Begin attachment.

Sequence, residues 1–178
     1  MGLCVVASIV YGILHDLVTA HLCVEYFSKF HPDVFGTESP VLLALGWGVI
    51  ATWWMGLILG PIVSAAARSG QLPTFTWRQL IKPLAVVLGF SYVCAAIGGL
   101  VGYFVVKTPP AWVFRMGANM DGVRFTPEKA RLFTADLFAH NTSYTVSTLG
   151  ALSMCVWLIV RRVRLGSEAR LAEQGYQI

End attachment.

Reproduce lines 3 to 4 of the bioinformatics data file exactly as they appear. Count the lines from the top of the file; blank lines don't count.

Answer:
    51  ATWWMGLILG PIVSAAARSG QLPTFTWRQL IKPLAVVLGF SYVCAAIGGL
   101  VGYFVVKTPP AWVFRMGANM DGVRFTPEKA RLFTADLFAH NTSYTVSTLG